All in a Row by Jamie Kirkpatrick

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We—my neighbors and my wife and I—live comfortably cheek by jowl in Chestertown’s Historic District. (To my way of thinking, all of Chestertown is an historic district, but that’s a thought for another Musing.) Our little row of four complementary-colored houses is parenthetically inserted between one of the town’s loveliest and oldest homes (circa 1800) and the Blue Heron Cafe, one of our finest restaurants. It’s a great place to live!

There are several theories about the origins of our little row but one of the houses provides a clue: carved on one of the porch pillars is the date 1889 which leads me to believe that the houses were originally built for some of the workers who tended the rail line that connected Chestertown to the world across the Bay. The railroad arrived in Kent County on the heels of the Civil War and in its heyday, our spur was one of the major arteries for the Delmarva peaches and pears that were widely regarded as the finest on the eastern seaboard. In 1875, for example, more than 6 million baskets of fruit found their way to markets in Philadelphia, Wilmington, Baltimore, and New York; at 500 baskets to a freight car, that’s at least 12,000 railcars full of peaches and pears heading off to market. Sadly, the industry came to a crashing halt in the waning years of the 19th Century when a blight known as the Yellows killed off the fruit trees and bankrupted local farmers. The rail line withered with the crop and the men and women who lived in our little row of houses moved on.

In the first half of the 20th Century, our little row on lower Cannon Street was in the center of Chestertown’s lively African American community. Down along the waterfront, there were canning factories, a fertilizer plant, shops, restaurants and taverns, even an ice-cream parlor on Water Street all owned and operated by African Americans who lived in the neighborhood. Our little row changed with the times, but one thing stayed the same: porch life. Then, as now, folks lived out front, chatting and laughing late into the night. Sometimes I think I catch a ghostly echo of their midnight conversations.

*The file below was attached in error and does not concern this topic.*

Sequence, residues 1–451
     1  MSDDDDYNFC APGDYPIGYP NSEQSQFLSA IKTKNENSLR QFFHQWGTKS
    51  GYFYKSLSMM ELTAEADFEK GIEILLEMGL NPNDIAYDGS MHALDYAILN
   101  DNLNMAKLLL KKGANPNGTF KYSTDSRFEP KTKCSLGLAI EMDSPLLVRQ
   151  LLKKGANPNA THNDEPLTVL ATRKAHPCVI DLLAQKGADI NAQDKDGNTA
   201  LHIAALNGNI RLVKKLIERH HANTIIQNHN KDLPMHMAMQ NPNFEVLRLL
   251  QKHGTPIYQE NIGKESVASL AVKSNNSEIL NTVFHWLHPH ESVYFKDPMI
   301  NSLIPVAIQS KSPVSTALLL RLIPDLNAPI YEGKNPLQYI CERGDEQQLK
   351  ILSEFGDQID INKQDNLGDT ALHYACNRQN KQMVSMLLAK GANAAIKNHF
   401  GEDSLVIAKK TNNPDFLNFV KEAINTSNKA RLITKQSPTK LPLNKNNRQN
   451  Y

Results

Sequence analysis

In 1972, a group of concerned local citizens formed Preservation, Inc. to save Chestertown’s architectural history and preserve the charm of downtown life. Our little row was squarely in their sights and by the mid-1980s, broken architectural bones had been reset, necessary repairs made, and fresh coats of paint applied. New owners moved in. In exchange for helping to finance the restoration project, the Maryland Historic Trust required both interior and exterior easements on the houses to preserve their facades and footprints. As a result, those of us who live there now are not just homeowners and taxpayers but also stewards of Chestertown’s history.

My wife and I are the newcomers on the row: we arrived a little more than five years ago. Our house—I like to think it had been waiting for us—had been recently renovated (within the terms of the easements, of course!) and for readily apparent reasons, we named it Standing Room Only. We loved it and our neighbors from the get-go. We added some sweat equity to the backyard and made the front porch into a verb, as in “Are we porching tonight?” Friends and strangers alike now stop to chat or to admire our little row; artists like to paint it; it feels good to share it with passersby. We’d freeze time if we could, but change is inevitable: recently one of the houses went on the market; it was snapped up in a few days and we’re excited to meet our newest neighbor. Rumor has it that once upon a time, she lived in one of the houses; I hope she has some good memories to share.

History rarely comes in big slabs. It comes in bits and pieces, fits and starts, and in the lives of the people who help to shape it. Like the first snowflake of a blizzard, we don’t recognize what is happening until we wake up the next morning and see the world anew. Our little row is like that: multiple architectural iterations, cultural changes, and lots of human history have stamped its character. Now we’re doing our part. We wouldn’t have it any other way.

Jamie Kirkpatrick is a writer and photographer with homes in Chestertown and Bethesda. His work has appeared in the Washington Post, the Baltimore Sun, the Philadelphia Inquirer, the Washington College Alumni Magazine, and American Cowboy magazine. “A Place to Stand,” a book of photographs and essays about Landon School, was published by the Chester River Press in 2015.  A new collection of essays titled “Musing Right Along” will be released in June. Jamie’s website is www.musingjamie.com.

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